I suddenly got called out by big bro saying I "had to come and see this now" and went to the garden to find L pedalling. With both feet. In a continuous motion.
I was so shocked, and so happy to be shocked, I yelped and heaped praise on them all.
I went to find them all in the park after the ironing and I'd finished my chat with my lovely old friend on the phone, and stood at the gate looking for my brood.
My heart plipped a bit as I saw J speeding around on his bike with his helmet, and peddling furiously behind him, with Daddy stooped over pushing him up the incline, was my super boy.
He proudly showed me how he could pull the brakes too (in fact J was the one who showed me) and shoved my hand away when I tried to give him a gentle push, wanting to do it himself.
Awesome and magical and a joy to write about.
I'm smiling as I type and as soon as I'm done, I'm going to watch the video again that I took on my phone.

Friday, 4 June 2010

3 Years...

This day, June 4th, is the answer to the question of why this week I can't keep more than one day and a few hours in my head at any time. I keep looking at the diary, trying to engage with what comes next, who I have to think about, what we're doing at the weekend, what work I have to do...yet all I can think about is now...
or more accurately...then,
Because June 4th 2010 is the third anniversary of L's diagnosis.
So bear with me, as I try to think back to then and now and a little of the inbetween.

I remember sitting in that waiting room at the Royal Free Hospital with my little 9 month old rattling wheezing smiling boy, with a calm expression painted on my face. Like a swan, serene outside, paddling furiously underneath, I knew that all I'd suspected for the last 18 months was about to be faced.

My first clue was the woman behind the counter showing recognition when I signed us in.
Now if there's one thing I wasn't used to back then, was anyone remembering who I was and why I was there. I'd spent 9 months of pregnancy repeating myself, 9 months of his little life fighting the label neurotic mother in and out of hospital, repeating myself. So to be recognised and have the imperceptible head tilt and smile from the usually grumpy receptionist, was SO not a good sign.
In fact every doctor or nurse who walked past in those waiting moments seemed to look and smile and rush on through the corridor, noticing us.
Alone in my head I began to feel proud and feisty that I was right, and quite sick about it too. And I became aware of the chant going round and round "please don't let me be right, please don't let this be real"

The kind paediatrician called us in, sat me down and delivered the diagnosis of Monosomy 18p, but then the sting. That it was so rare she couldn't tell me anything about it. That they'd arrange some tests so to watch out for appointments and that we should go to see the geneticists at Great Ormond Street in a few weeks.
A few weeks!!!
A life changing diagnosis and I was supposed to sit still until then. I could barely breathe my way through each second.
So we contacted a private geneticist and went to see him very quickly. He was kind, took blood, wanted to see for himself and told us whatever he could. Eventually we got to our appointment at Great Ormond Street with the very nice geneticist and she talked a little, confessed how little she could tell us, asked if we would let her see L sporadically to keep on top of his progress. And she apologised. Above all she apologised for their having missed finding this during my pregnancy.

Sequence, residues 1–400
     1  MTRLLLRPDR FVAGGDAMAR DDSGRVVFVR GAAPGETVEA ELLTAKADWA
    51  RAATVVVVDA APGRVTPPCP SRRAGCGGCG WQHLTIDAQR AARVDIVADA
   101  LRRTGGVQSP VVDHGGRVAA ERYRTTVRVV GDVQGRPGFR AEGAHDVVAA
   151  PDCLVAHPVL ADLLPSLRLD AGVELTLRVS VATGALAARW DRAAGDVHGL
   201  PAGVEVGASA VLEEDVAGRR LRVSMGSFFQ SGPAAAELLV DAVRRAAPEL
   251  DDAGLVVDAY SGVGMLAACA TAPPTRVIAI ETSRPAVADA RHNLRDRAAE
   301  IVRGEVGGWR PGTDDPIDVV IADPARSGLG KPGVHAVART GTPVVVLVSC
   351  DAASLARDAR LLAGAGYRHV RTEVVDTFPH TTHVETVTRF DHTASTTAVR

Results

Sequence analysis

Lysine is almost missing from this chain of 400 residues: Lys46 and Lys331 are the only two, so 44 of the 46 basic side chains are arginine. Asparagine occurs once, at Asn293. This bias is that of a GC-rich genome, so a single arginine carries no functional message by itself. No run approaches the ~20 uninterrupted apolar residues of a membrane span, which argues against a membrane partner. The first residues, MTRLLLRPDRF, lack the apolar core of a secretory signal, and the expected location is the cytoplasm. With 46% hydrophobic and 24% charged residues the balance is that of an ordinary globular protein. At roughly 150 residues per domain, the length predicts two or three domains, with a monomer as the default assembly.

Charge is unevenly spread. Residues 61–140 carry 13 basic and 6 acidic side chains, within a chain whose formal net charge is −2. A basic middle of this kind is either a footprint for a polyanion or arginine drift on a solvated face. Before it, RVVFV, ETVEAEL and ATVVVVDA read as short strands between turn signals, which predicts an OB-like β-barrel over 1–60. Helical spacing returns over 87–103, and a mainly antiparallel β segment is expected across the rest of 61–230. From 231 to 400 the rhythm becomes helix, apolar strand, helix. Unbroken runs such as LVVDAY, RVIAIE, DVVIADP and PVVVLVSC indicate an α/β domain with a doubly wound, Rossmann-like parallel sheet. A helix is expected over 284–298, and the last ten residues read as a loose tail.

And we returned to Dr W, the only medical person we trusted and unbeknown at the time, secured him as shepherd through the first three vital years.
It's all a bit of a blur but some things punch through.

I remember calling my therapist and saying "you know I said I might be back one day...well I think that day is now"
I remember the pain of telling if not the telling itself
I remember the pain of the wrong reactions if not the reactions themselves
I remember the pain of not knowing what my Daddy would have thought.
I remember how exhausted I was by this lonely journey, and the realisation that I now had to shepherd all our families at the start of theirs.
I remember my rage at the denial that 3 years on is still present in some places
I remember sitting at the bottom of the stairs crying and trying not to let J see me
I remember his anger, his rage, soaking up all of our emotions
I remember paying for medical notes, getting them and reading them, contacting lawyers and deciding whether to sue them for the mistakes we found there.
I remember knowing I couldn't do that because that would mean agreeing with the phrase "wrongful birth"
I remember how the rearrangement of my own DNA felt, I still feel it.
I remember all this and yet I remember nothing.
I feel how much has happened in these three years and yet time has no meaning at all.
I miss the comfort of the past, and the naive boundless hope of the future, but I can now embrace the present.
The present as it stands right now. My little man, chuntering away while he sits on the loo, laughing, singing, playing. And his big brother, listening to me talk about the new confusing rash and needing to talk to someone at the suncream manufacturer, and him saying "because nobody knows that our little boy's got 18p deletion"

We are all changed by what was confirmed three years ago. And while the pain is present and sometimes the hope of his good progress feels torturous, with all of that, we still look forward and are thankful for all we have.